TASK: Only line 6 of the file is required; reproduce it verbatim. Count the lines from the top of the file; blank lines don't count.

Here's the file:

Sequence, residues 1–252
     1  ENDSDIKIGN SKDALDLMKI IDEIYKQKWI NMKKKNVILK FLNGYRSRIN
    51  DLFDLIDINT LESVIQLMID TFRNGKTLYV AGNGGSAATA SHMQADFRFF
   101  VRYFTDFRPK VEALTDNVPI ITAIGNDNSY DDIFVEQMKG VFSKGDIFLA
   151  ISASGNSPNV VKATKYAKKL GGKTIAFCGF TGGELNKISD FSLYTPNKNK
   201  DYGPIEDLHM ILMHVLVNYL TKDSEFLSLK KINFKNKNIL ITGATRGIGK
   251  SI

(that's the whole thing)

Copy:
   201  DYGPIEDLHM ILMHVLVNYL TKDSEFLSLK KINFKNKNIL ITGATRGIGK